Once frequented by tomb-raiders, Turkey's Turquoise Coast is treasured for its hidden beaches, writes Terry Richardson.
Visitors explore the ancient sites of the Turquoise Coast in their thousands, but most are drawn for reasons other than the region's fascinating past. The shoreline along the Aegean and Mediterranean waters remains attractive beyond the best-known resorts. A backdrop of peaks rises in places to 3000 metres, the upper slopes studded with cedars, the lower clad with Mediterranean pine.
Cliffs and promontories are interspersed with coves, stretches of sand or shingle, rugged canyons and a peppering of islands. Fishing ports have evolved into low-key resorts, where holidaymakers mix with the locals, who take flocks of sheep and goats to graze the summer away on upland pastures. Here are my favourite beaches.
North-west of the small resort of Kalkan, Patara is one of the longest and best beaches in the Mediterranean. It may not be as wild as in the 19th-century tomb-raiding days of Sir Charles Fellows, who wrote of it: "No signs of life were visible but the footsteps of wolves, jackals and hares", but it is remarkably undeveloped.
Even in high season, it's possible to find deserted stretches of white sand, complete with tide lines of driftwood and shells. Its gentle pitch makes it ideal for children, although winds (refreshing in July or August) can bring in regiments of body-surfing-size waves.
Fellows's crew amazed the locals by playing beach cricket; today's visitors are more likely to swim or sunbathe: sunbeds are for hire near Patara, itself a site worth exploring.
The easily accessible beaches at Oludeniz, near Fethiye, are packed with sun-worshippers, but Kabak, a few kilometres to the south-east, receives just a trickle of visitors. The reason? The 30-minute walk to reach it from the village of the same name, which in turn is reached by minibus from Oludeniz. The setting, a sandy beach fronting a densely wooded valley, makes the effort well worthwhile.
Your fellow swimmers and sunbathers are likely to be Lycian Way walkers, backpackers camping or staying in tree houses, or tourists on boat-trips from Oludeniz.
The £3.60 ($5.50) entry fee to the ruins of Phaselis (open daily 8am-5.30pm), an hour's drive south-west of Antalya, is enough to put off the casual beachgoer, leaving more room for the discerning.
Although the city dates from the 7th century BC, most of the ruins visible today are Roman. Three beaches are reached through dappled pine forest. The western is the sandiest and longest, the eastern one pebbly. The pick of the bunch is in between: a small curved strip of shingle by a delightful bay that was a harbour in ancient times.
Much favoured by visitors staying in the riverside resort of Dalyan, and by endangered loggerhead turtles sculling in from the deep blue depths of the Mediterranean to nest, this sweep of fine, hard-packed sand is one of Turkey's finest beaches. Although there's a road, most visitors wisely opt to take one of the regular boats that putter their way down the pretty, reed-fringed river from Dalyan (a 30-minute drive north of Dalaman airport).
The journey allows time to admire the elaborate ancient tombs carved into the cliffs to the west and the abundant wildlife haunting the marshland to the east.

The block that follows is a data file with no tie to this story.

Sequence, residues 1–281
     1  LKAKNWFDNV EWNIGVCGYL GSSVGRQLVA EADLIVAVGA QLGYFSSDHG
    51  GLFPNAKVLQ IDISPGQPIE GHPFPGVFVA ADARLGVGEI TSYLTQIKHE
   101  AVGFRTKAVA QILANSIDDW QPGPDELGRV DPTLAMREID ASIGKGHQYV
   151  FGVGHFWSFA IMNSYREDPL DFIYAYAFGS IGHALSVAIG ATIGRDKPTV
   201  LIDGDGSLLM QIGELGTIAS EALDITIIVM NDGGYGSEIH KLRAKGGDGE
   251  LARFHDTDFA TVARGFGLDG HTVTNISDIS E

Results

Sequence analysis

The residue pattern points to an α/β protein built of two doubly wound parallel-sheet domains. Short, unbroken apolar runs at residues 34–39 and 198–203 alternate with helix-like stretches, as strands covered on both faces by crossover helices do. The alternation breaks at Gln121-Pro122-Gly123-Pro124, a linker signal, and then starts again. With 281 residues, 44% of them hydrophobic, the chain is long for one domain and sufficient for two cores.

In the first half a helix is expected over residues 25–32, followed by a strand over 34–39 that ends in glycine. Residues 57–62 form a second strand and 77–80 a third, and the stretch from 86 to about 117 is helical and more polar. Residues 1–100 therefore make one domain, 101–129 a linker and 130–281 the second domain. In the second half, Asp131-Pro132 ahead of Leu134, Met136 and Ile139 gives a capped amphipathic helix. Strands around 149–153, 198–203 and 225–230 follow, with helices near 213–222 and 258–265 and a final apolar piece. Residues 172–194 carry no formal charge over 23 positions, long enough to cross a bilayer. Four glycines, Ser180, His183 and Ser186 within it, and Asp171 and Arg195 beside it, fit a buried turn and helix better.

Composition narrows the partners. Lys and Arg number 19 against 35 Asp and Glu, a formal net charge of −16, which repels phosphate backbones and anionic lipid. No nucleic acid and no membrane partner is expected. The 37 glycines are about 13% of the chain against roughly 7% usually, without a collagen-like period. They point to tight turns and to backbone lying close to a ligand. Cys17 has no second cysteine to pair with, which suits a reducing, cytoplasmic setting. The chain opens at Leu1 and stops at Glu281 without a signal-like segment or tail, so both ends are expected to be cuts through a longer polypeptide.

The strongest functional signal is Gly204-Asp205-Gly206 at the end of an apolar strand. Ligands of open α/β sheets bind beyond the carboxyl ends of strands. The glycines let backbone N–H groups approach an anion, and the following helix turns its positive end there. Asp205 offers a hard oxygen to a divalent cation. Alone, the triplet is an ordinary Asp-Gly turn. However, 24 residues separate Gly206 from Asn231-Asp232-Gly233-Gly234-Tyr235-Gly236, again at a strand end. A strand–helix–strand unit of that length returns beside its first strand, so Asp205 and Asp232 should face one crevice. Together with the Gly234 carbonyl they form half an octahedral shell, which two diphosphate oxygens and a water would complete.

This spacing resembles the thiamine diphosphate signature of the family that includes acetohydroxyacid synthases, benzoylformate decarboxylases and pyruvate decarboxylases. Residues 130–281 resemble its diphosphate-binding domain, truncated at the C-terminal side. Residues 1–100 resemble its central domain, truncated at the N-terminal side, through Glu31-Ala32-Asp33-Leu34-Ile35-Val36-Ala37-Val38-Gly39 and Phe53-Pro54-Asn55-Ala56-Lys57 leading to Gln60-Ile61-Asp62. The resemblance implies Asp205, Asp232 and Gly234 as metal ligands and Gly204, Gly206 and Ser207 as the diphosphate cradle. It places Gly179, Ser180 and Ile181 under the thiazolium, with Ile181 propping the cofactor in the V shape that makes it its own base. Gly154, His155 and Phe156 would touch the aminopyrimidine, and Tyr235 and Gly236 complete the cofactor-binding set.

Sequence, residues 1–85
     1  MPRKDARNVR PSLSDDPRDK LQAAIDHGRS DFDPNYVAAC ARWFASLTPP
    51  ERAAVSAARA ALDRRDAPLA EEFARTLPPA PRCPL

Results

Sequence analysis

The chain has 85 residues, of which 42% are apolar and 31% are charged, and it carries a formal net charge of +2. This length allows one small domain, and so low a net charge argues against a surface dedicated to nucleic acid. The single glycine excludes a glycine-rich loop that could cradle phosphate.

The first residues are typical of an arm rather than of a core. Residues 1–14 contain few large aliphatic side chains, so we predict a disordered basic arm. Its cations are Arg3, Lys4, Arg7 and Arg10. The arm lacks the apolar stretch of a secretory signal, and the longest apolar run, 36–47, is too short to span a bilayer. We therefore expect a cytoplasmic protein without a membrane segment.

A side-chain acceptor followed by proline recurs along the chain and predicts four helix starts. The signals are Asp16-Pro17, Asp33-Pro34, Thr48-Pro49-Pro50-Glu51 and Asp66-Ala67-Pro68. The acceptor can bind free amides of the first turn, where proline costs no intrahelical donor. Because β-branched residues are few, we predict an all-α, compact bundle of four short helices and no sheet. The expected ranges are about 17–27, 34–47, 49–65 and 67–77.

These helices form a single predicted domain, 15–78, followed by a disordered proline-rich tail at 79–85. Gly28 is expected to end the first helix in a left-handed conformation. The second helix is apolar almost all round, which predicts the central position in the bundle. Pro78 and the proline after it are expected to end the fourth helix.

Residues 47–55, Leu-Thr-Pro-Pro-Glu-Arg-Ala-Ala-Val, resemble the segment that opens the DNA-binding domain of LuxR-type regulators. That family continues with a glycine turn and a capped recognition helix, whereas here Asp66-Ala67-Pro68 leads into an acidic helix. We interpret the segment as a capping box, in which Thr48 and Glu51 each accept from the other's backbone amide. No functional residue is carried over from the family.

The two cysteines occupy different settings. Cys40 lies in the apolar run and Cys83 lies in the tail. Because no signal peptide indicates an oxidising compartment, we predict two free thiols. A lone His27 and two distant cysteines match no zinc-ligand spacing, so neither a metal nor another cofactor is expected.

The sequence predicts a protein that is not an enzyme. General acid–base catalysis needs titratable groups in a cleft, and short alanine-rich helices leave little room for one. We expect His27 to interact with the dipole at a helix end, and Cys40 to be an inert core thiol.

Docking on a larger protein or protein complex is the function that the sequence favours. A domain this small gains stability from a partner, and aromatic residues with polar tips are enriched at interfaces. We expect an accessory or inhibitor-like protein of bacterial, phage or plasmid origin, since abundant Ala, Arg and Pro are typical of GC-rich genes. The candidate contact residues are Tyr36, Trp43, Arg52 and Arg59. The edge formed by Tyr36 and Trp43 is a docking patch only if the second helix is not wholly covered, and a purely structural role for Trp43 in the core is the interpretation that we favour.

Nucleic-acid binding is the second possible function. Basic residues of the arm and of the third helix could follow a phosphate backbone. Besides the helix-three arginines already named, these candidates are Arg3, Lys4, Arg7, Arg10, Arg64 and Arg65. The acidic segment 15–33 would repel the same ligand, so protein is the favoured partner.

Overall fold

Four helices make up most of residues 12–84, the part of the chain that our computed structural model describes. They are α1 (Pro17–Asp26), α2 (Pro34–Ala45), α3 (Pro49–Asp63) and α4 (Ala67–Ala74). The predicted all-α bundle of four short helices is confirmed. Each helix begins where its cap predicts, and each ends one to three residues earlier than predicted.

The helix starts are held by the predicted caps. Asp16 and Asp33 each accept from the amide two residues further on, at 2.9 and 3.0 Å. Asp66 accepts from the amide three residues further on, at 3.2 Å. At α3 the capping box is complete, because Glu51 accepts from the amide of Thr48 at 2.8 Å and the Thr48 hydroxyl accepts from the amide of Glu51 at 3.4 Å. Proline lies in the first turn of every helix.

Sunbeds and umbrellas are available and the gently sloping beach is ideal for families, though there are warnings not to swim near the river mouth because of strong currents. Great news for both turtles and beach-lovers is that conservation measures put in place in 1988 have been successful and loggerhead numbers are up.
It's fortunate that Cirali is not blessed with a classic sand beach like Iztuzu, otherwise, situated an hour's drive south-west of booming Antalya, it would be swamped by visitors. Those in the know, however, are not put off by the pebbles and come back year after year to enjoy one of the most laid-back beaches in the Mediterranean.
Bookended by rugged, pine-encrusted spurs plunging into the turquoise waters from the towering Lycian mountains behind, and backed by a straggling hamlet submerged beneath a canopy of citrus orchards, Cirali's situation is truly dramatic.
Most people stick to the south-central area of the beach, where you can use sunbeds and shades in return for frequenting the simple restaurants behind. The romantic ruins of ancient Olympus are a 15-minute walk south; the remarkable eternal flames of the Chimera flicker in the pine forest to the north-west. The area is also favoured by nesting loggerhead turtles, and sightings by snorkellers are far from unusual.
Antalya has 1 million-plus people, so it's a wonderful surprise to find a pretty beach in its heart. Tucked at the foot of the cliffs just south of the old harbour in the traditional walled quarter of Kaleici, tiny Mermerli beach shelves gently into the bay, making it fine for young children.
It gets very busy in July and August, especially at weekends, so get here early to bag a sunbed and lounger (the £3.60 entry fee includes use of both). There are beach boys on hand to bring cold drinks and snacks from Mermerli restaurant, at the top of the steps, and rocks to swim out to off shore.
The views back to historic Kaleici, with its traditional red-roofed Ottoman houses bedecked with bougainvillea, slender minarets and ancient fortifications, are a delight.
Emirates has a fare to Istanbul from Sydney and Melbourne for about $1850 low-season return, including tax. Fly to Dubai (about 14hr), then to Istanbul (4hr 50min); see emirates.com. This fare allows you to fly back from another European city. Atlasjet flies from Istanbul to Antalya (75min) for about $240 return; see atlasjet.com. Car hire is available at the airport.
- The Telegraph, London